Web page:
Falcon 9 Starlink Launch, Photo Courtesy Cliff Lethbridge/Spaceline
Falcon 9 Starlink Launch Pad Abort, Photo Courtesy Lloyd Behrendt/Spaceline
SpaceX Aborts Falcon 9 Launch
SpaceX attempted to launch a Falcon 9 rocket from Launch Pad 39A at the Kennedy Space Center at 9:22 a.m. EDT today. The launch was aborted milliseconds after the rocket's nine Merlin first stage booster engines fired on the launch pad. The abort caused a large plume of smoke which quickly rose above the launch facility. SpaceX said an on-board computer indicated a problem and produced unexpected data when an automated check of engine thrust was conducted. Since the launch required an instantaneous launch opportunity, SpaceX was not able to recycle and make another launch attempt today. SpaceX has experienced this type of abort before, most notably during the first launch of a Falcon 9 in June, 2010. On that occasion, however, SpaceX had a lengthy launch window available and was able to recycle and make a successful launch the same day. Depending on the nature of the technical difficulty identified and pending range availability, a new launch date has not been set. The Air Force says the next launch attempt will occur no earlier than Wednesday, March 18. If the launch is on that day it will occur during another instantaneous launch window at 8:21 a.m. EDT. Once launched the rocket will be carrying 60 SpaceX-owned Starlink broadband satellites into orbit.
Falcon 9 Starlink Launch Pad Abort, Photo Courtesy Cliff Lethbridge/Spaceline
Kennedy Space Center Visitor Complex, Photo Courtesy NASA
Air Force/NASA Suspend Public Access To KSC/CCAFS
NASA and the Air Force have announced public access suspensions in the wake of the ongoing Corona virus situation. The Air Force announced on March 13, 2020 that it has canceled all public tours and public access as well as official or unofficial gatherings on Cape Canaveral Air Force Station indefinitely. Facilities affected include the Air Force Space and Missile Museum, the Sands History Center and the Cape Canaveral Lighthouse. NASA announced on March 15, 2020 that it will be closing the popular Kennedy Space Center Visitor Complex effective March 16, 2020. Unlike the Cape Canaveral Air Force Station restrictions, NASA did not say how long the Visitor Complex closing will last. An employee of Delaware North Parks Services, the prime contractor and operator of the Visitor Complex, who wished to remain anonymous, told Spaceline that employees at the Visitor Complex have been informed that the facility, which hosts several million visitors each year, will remain closed for at least two weeks. It is likely, however, that the closing could last much longer depending on conditions related to the virus and its local impact. Spaceline will provide additional details as new information becomes available.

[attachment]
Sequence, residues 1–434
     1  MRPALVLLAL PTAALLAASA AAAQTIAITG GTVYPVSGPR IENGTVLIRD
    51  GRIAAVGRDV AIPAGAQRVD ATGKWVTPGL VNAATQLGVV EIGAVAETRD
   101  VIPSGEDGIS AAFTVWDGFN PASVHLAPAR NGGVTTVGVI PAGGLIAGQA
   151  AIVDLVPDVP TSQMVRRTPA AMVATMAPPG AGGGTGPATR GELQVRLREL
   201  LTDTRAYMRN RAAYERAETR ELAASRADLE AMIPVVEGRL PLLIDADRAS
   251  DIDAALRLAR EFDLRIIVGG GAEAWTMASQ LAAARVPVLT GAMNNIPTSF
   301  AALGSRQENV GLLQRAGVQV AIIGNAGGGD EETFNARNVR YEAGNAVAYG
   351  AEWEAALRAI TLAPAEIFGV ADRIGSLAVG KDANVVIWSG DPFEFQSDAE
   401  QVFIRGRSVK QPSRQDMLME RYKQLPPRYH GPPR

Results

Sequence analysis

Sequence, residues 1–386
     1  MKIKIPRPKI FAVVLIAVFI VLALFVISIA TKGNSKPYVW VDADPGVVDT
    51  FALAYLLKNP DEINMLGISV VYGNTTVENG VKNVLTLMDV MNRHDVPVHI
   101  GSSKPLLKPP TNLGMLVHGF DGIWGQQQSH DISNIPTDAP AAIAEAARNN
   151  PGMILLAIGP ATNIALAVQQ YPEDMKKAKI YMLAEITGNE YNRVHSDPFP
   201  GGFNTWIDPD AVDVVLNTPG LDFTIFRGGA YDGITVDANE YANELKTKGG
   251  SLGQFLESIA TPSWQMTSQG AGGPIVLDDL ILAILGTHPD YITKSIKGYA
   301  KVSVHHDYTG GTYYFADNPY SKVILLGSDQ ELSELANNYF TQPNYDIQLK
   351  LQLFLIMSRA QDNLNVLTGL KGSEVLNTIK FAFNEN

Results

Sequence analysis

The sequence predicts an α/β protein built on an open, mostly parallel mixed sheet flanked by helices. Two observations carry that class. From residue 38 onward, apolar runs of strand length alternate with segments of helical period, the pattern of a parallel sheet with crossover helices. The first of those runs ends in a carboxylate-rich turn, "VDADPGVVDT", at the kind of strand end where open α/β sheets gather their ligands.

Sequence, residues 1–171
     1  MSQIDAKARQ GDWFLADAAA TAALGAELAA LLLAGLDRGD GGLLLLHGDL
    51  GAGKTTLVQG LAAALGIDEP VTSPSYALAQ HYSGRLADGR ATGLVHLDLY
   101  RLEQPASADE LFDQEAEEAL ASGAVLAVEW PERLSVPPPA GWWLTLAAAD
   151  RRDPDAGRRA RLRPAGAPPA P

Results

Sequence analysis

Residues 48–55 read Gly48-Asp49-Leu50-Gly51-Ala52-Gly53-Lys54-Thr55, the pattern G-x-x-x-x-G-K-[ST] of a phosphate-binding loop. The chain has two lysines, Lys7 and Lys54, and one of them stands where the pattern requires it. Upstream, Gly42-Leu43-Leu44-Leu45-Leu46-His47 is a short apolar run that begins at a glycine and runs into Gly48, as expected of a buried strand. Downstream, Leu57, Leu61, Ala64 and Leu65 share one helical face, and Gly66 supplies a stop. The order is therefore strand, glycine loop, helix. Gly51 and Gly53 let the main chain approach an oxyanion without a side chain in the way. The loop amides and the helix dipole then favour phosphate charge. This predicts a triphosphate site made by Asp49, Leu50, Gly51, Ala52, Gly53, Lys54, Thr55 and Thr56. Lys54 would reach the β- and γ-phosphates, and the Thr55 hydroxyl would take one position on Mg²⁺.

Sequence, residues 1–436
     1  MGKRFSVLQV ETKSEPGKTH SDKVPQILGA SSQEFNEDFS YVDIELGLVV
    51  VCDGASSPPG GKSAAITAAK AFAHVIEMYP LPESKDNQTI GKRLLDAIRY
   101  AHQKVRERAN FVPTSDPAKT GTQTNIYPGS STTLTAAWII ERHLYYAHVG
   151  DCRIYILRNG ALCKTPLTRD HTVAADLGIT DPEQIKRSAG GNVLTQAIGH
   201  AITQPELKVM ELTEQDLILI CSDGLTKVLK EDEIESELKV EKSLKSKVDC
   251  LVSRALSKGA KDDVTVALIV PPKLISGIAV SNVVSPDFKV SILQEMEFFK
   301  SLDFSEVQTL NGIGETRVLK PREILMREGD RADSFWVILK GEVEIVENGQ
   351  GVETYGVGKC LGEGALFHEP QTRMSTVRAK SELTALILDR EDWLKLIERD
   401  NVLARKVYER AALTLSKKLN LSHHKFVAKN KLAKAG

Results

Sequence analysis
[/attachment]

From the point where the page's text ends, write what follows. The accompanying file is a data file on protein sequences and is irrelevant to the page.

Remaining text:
Air Force Space And Missile Museum, Photo Courtesy Air Force
Falcon 9 CRS-20 Launch, Photo Courtesy SpaceX
Falcon 9 Successfully Launches CRS-20 Payload For NASA
A SpaceX Falcon 9 rocket successfully launched the CRS-20 payload for NASA at 11:50 p.m. tonight from Launch Pad 40 on Cape Canaveral Air Force Station. Launch was delayed several days to allow SpaceX to replace the rocket's second stage after anomalies were discovered during routine pre-launch testing. The first stage booster employed tonight was being flown for the second time, having flown previously for the CRS-19 mission in December, 2019. The Dragon spacecraft comprising the CRS-20 payload was flown for the third time, having been employed previously for the CRS-10 mission in February, 2017 and the CRS-16 mission in December, 2018. The spacecraft will be retired following the CRS-20 flight.
Falcon 9 CRS-20 Launch And Booster Landing, Photo Courtesy Joseph Sekora/Spaceline
The first stage booster used in tonight's launch was recovered with a successful landing at Landing Zone 1 on the Cape, providing a spectacular engine burn and twin sonic booms that thrilled spectators. CRS-20 will carry about 4,500 pounds of supplies, equipment and experiments to the International Space Station (ISS). This is the final SpaceX mission to ISS under the first Commercial Resupply Services (CRS) contract with NASA. However, NASA has granted a second CRS contract with SpaceX to continue their resupply flights to ISS through 2024. The CRS-20 Dragon spacecraft will be captured by the ISS robotic arm for berthing on Monday, March 9. The spacecraft will return to Earth carrying about 4,000 pounds of cargo following an approximately four-week stay at the space station.
Falcon 9 Booster Lands At Cape Canaveral Landing Zone 1, Photo Courtesy SpaceX